New initiative brings Quran to Gaza’s hearing-impaired

GAZA CITY, Gaza Strip — In an attempt to teach the Holy Quran to the deaf in the Gaza Strip, the Future Society for Deaf Adults (FSDA) offers religious and awareness courses aimed at interpreting the Quran using sign language. The initiative was first launched on Feb. 2, 2013. Courses are offered for deaf youth ages 12-18, targeting 500 deaf people in Gaza.

The courses are funded by the Sheikh Eid Bin Mohammad Al Thani Charitable Foundation and are given at the Dar al Quran al Karim Wa Sunnah, which has 14 branches in the Gaza Strip. Each class consists of 20 students.

Mervat Hamdan, 14, is one of the students who enrolled in the courses. She was able to memorize a few verses of the Quran.

Hamdan talked to Al-Monitor using sign language; her teacher Mervat Sayam interpreted the conversation. “I am very happy to have memorized a few Quranic verses. “The FSDA offered us a booklet with image interpretations of the Holy Quran in sign language and text in Braille, as I also suffer from impaired vision,” she said.

“At first, I had some difficulties in learning the Quranic verses and the hadiths. I did not find much encouragement from the people around me, as they do not know sign language to try to give me advice. My mother was the one to encourage me to keep trying and to concentrate on memorization,” she added.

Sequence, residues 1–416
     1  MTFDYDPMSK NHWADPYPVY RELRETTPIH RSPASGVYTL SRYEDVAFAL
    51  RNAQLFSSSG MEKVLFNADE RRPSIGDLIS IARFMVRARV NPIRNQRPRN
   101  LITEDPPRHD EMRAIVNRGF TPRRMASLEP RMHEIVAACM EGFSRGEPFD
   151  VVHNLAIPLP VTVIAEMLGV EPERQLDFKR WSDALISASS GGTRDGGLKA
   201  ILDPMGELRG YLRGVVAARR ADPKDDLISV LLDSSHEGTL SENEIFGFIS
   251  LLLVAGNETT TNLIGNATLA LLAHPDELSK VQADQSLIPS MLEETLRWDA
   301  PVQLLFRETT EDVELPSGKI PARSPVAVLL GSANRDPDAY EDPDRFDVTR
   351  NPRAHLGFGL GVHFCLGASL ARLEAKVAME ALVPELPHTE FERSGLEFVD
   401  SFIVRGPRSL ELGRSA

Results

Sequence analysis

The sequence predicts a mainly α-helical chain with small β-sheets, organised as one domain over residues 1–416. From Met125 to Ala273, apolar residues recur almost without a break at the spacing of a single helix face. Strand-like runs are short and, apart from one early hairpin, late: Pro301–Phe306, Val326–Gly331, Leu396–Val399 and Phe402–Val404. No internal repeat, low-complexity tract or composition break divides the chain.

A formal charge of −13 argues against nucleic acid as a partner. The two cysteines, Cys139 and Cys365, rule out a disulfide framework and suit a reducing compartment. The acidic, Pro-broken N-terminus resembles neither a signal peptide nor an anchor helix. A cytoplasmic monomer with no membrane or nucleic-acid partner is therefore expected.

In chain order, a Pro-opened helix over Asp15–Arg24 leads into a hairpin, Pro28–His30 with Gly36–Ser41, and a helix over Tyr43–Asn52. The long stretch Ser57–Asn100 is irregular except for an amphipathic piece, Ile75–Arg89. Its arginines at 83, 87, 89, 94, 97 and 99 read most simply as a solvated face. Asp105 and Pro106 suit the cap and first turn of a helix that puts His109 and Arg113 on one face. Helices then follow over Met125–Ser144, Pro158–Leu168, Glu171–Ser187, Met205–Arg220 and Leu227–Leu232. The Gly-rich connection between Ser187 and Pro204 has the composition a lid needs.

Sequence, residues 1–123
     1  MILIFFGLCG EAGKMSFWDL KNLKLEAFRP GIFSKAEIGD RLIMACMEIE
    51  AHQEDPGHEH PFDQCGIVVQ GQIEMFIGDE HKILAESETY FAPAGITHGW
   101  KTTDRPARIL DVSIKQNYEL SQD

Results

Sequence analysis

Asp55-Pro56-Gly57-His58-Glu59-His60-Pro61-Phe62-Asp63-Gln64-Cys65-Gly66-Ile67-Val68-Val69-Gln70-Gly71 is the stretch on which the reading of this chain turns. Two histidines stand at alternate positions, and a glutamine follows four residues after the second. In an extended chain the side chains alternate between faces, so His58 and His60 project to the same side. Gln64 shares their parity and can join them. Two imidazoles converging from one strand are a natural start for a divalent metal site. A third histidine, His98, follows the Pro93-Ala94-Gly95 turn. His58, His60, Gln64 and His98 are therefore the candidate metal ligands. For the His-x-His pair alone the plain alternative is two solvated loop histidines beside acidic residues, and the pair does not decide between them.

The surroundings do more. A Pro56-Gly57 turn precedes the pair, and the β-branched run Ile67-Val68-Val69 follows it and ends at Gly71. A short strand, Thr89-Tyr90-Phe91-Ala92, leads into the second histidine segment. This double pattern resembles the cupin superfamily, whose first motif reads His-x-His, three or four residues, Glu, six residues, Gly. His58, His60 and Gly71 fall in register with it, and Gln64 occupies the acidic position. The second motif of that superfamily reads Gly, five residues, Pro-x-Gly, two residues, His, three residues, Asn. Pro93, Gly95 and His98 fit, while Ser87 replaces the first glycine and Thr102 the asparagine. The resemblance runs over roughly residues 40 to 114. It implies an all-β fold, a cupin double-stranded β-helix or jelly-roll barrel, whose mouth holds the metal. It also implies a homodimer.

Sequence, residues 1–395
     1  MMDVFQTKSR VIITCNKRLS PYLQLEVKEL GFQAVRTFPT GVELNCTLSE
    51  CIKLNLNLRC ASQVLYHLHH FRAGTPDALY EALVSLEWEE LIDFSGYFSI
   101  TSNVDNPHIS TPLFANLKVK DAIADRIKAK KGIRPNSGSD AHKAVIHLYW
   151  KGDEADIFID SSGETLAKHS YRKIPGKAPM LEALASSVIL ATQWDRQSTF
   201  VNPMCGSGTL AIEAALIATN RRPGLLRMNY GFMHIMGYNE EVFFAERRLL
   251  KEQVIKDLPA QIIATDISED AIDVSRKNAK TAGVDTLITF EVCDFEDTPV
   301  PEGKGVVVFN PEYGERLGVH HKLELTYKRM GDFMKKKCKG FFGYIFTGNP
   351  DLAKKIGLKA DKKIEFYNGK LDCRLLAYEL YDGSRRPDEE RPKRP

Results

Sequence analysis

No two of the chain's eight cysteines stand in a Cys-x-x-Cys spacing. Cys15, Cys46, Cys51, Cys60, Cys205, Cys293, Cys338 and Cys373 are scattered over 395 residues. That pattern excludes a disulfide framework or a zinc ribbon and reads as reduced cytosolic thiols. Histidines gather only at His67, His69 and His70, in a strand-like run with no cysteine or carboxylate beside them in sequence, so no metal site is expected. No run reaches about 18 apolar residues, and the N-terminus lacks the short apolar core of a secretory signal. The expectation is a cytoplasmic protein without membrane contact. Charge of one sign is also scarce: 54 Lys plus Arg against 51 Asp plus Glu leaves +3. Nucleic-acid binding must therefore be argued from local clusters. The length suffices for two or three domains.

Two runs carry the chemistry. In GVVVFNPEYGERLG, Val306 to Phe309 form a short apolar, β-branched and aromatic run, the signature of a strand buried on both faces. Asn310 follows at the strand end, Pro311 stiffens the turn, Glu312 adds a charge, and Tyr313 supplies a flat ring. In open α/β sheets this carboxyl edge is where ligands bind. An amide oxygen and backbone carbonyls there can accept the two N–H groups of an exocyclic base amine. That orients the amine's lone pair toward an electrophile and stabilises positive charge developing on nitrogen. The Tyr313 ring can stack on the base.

“Every word in the Quran has a special sign that helps explain it. As for the process of memorizing, the Quranic verses are written on the blackboard in front of the students and then they are explained,” Sayam told Al-Monitor.

Sayam explained, “The courses start off with giving general information about the number of Quranic verses and their parts. The memorizing process is done through tutorial videos on LCD screens, explaining the verse using sign language.”

FSDA President Adham Eid told Al-Monitor, “Ten years ago, most of the deaf Palestinians did not know who the Prophet was. However, today things have changed with the religious awareness courses in sign language, which were diligently prepared by Jordan’s Conservation of the Holy Quran Society with the cooperation of the Jordanian Ministry of Awqaf and a professional team of sign language interpreters over the past five years.”

Eid added that one of the most prominent advantages of this initiative is the unification of sign language in interpreting the Holy Quran; in other words, the Quranic verses are being interpreted using the same signs and body postures.

According to Eid, on the social level the courses help integrate the deaf better in society, as they are now receiving religious education, which is a source of pride for some parents who used to hide their hearing-impaired children at home.

Eid added that students are provided with CDs with images that show sign language and Braille books.

According to statistics by the Ministry of Social Affairs in 2015, there are 2,409 people above 18 and 1,243 under 18 who suffer from hearing impairment in the Gaza Strip.

The only school in Gaza for the deaf is the Mustafa Sadeq Rifai Secondary School, which counts 160 students since its opening in February 2011. Female and male students are separated in the school. In 2015, the school graduated 130 students, who passed the official baccalaureate exams.

Although there should be more efforts employed to promote and start initiatives for deaf people in Gaza, teaching the Quran is seen as a major step, especially for many who were introduced for the first time to Quranic verses through this initiative.

(Source / 30.08.2017)

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